In-store Personalization: How to Make Customer Engagement Relevant, Contextual & Rewarding

Isaura M. League

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Spend some time on any media channel—be it a newspaper, radio, social media, or any other Internet-based channel—and it won’t be long before you’re bombarded with ads trying to sell you a myriad of products. Brands spend a ton in such marketing efforts in a bid to get your attention and influence you into engaging with them. But how much of an impact are they making on you, the individual consumer, with these spray-and-pray tactics? Perhaps none at all. In fact, you may find such brand messages rather annoying.

Now, imagine receiving a highly personalized message on your mobile. The message not only recognizes you as an individual but also addresses your current shopping need. The brand, through this message, gives you an attractive offer on a product or category you’re interested in, and that too while you’re in a store pondering what to buy.

Which of the above two scenarios are you more likely to respond to? Obviously the latter. An Accenture study revealed that 91% of consumers are more likely to shop with brands that provide relevant offers and recommendations.

Online stores tend to enjoy greater success when it comes to personalizing shoppers’ experiences. With customer data at their fingertips, they can access granular insights related to every customer’s behavior, needs, preferences, and purchase pattern. This intel enables e-tailers to predict what a customer wants and make relevant offers and recommendations accordingly. This results in higher customer engagement and sales. And customers get the instant gratification that they seek.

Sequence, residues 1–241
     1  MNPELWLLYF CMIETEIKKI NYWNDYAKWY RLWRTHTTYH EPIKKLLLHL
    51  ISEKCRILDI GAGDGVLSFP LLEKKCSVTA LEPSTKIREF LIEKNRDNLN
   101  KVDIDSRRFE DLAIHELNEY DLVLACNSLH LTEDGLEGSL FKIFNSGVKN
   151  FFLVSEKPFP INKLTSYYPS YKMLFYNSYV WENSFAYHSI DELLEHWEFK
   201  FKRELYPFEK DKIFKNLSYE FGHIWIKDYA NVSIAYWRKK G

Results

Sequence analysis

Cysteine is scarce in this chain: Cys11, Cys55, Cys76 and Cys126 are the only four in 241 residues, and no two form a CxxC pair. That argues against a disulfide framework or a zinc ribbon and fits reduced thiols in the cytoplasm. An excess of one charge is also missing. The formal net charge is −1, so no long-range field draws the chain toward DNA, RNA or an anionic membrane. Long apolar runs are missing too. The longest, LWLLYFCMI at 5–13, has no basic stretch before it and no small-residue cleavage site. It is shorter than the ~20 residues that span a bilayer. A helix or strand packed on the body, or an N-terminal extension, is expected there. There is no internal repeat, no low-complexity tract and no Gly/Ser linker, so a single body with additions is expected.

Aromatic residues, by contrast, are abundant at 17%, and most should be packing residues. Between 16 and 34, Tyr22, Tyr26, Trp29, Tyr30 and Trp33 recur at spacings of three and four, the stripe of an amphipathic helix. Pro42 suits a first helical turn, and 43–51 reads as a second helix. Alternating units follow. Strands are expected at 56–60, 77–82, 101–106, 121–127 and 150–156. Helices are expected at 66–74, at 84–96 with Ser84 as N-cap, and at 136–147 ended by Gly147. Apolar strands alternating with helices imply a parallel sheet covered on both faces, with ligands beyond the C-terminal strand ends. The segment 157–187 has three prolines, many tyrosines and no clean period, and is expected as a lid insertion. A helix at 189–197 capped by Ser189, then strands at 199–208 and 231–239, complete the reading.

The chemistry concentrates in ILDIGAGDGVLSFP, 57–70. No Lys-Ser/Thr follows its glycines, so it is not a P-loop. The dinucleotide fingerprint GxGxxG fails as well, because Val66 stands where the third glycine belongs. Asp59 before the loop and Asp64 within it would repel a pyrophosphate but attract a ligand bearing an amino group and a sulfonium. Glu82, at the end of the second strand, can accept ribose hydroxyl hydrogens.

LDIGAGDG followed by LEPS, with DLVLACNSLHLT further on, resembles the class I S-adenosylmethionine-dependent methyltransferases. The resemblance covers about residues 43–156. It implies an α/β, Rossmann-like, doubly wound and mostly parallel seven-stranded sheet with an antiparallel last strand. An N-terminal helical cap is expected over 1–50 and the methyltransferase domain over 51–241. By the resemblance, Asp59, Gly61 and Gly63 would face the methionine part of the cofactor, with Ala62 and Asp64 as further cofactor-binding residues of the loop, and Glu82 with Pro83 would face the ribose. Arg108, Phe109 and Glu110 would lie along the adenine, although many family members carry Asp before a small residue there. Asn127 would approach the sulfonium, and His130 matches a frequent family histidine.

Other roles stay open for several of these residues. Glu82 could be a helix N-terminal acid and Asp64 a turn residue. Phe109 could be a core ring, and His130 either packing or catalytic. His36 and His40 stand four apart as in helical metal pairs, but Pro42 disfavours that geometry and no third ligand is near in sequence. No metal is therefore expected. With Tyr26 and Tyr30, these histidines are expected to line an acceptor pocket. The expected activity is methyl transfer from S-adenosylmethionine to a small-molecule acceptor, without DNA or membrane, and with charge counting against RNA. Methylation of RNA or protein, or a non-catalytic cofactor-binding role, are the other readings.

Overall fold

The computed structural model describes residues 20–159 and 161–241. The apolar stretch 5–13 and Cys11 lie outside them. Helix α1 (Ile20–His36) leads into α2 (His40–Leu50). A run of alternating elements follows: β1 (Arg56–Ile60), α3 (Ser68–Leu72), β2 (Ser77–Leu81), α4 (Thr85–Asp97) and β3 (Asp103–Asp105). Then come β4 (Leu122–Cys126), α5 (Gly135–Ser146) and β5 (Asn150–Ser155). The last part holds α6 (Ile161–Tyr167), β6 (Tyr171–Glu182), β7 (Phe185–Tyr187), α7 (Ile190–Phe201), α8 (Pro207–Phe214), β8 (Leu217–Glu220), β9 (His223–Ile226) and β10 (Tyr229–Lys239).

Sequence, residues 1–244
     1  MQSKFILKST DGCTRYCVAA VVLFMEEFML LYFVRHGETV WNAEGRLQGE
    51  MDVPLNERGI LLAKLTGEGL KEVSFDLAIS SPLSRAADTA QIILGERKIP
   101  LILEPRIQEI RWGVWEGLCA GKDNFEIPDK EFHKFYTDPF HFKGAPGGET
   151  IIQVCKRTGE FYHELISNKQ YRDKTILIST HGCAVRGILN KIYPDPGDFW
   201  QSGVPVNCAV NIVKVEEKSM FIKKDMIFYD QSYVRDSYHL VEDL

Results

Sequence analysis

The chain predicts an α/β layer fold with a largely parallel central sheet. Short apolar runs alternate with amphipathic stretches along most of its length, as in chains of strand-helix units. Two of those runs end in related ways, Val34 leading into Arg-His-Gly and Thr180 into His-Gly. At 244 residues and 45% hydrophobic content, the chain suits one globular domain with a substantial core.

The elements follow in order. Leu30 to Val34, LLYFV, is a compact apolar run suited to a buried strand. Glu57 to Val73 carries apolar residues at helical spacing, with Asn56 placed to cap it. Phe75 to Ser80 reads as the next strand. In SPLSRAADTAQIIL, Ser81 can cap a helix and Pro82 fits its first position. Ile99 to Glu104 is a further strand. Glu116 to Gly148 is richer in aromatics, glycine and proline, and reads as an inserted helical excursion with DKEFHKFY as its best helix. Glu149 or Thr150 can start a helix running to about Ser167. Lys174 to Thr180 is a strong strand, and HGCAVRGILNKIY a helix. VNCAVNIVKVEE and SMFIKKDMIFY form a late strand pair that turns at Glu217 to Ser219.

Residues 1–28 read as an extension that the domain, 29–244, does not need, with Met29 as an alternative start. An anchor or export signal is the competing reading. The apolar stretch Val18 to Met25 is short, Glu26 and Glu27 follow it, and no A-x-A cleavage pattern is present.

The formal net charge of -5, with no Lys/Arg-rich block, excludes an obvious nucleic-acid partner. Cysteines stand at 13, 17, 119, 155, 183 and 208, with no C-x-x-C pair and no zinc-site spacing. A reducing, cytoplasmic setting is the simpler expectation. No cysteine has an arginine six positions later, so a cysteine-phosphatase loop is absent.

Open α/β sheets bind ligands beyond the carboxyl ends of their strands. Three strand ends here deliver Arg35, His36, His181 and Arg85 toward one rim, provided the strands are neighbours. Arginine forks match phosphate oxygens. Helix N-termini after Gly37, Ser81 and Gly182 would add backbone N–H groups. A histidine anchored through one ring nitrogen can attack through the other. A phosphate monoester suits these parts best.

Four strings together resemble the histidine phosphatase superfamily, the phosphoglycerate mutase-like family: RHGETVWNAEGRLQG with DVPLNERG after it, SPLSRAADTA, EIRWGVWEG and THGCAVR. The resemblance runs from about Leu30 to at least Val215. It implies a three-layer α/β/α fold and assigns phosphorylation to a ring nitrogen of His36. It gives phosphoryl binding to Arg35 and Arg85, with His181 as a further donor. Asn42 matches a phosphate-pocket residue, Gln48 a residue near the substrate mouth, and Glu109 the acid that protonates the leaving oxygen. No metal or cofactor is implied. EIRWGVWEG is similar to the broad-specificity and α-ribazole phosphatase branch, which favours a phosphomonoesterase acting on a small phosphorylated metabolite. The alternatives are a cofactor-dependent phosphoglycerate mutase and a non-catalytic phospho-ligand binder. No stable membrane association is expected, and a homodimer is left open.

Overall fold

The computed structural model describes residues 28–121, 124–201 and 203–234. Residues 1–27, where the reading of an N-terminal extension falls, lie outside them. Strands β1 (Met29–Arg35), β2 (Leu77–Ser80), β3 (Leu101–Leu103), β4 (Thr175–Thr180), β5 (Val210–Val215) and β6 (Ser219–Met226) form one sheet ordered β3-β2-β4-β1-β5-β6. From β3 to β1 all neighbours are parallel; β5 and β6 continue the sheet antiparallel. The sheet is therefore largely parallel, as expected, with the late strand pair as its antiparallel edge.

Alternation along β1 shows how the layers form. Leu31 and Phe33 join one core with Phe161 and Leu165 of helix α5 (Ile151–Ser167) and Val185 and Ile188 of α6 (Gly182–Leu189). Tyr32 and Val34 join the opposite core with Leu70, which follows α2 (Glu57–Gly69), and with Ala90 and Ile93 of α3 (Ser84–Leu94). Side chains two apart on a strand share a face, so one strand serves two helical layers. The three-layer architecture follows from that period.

Most offline retailers, who still rely on traditional marketing methods, aren’t as successful in delivering the same level of experience to shoppers. However, real-time in-store personalization can help them compete on an equal footing and craft delightful experiences for customers.

Understanding In-store Personalization

When an offline retailer starts identifying every customer as an individual, understanding their current context, and combining these insights with their historical behavior and tastes to deliver tailored recommendations, they have essentially started delivering in-store personalization.

However, all of this needs to be done in real-time while the customers are still weighing their options in a store. That would make it possible for retailers to make timely cross-sell or upsell offers that influence buying decisions and boost revenue. Retailers usually identify a shopper after they’ve reached the POS, but by this time the window of opportunity has long been shut.

But Is It Possible to Deliver In-store Personalization in Real-time?

The answer is yes, and lies in leveraging the great enabler – technology. A customer’s mobile phone and its Bluetooth capabilities along with the store’s WiFi and RFID tools can help offline retailers to achieve personalization that is nothing short of magical. Let us understand how from a few examples.

Scenario 1

Suzanne can access the free WiFi of a store on her mobile phone. Since her mobile number is already present in the store’s registry and linked to her past purchases, a buyer profile can easily be generated in advance that indicates what she normally shops for, when, and how often. It will also include data on if she chose a particular brand due to a sale or went with another despite an offer going on. This allows the store to send messages that are relevant to her.